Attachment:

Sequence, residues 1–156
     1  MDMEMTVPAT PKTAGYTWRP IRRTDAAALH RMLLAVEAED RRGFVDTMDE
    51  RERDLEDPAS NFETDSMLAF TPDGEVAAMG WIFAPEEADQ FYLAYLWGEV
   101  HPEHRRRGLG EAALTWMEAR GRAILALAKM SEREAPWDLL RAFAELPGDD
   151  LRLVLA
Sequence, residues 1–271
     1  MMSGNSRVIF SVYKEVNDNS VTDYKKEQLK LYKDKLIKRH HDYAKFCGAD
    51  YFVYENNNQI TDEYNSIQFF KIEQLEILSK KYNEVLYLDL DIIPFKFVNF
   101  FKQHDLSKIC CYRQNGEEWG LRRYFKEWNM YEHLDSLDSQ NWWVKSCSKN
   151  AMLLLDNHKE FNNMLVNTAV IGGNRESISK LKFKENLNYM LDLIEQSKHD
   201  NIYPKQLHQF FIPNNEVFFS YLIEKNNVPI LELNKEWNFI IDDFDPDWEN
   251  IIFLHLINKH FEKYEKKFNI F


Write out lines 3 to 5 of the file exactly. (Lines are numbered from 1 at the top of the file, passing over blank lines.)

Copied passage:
    51  RERDLEDPAS NFETDSMLAF TPDGEVAAMG WIFAPEEADQ FYLAYLWGEV
   101  HPEHRRRGLG EAALTWMEAR GRAILALAKM SEREAPWDLL RAFAELPGDD
   151  LRLVLA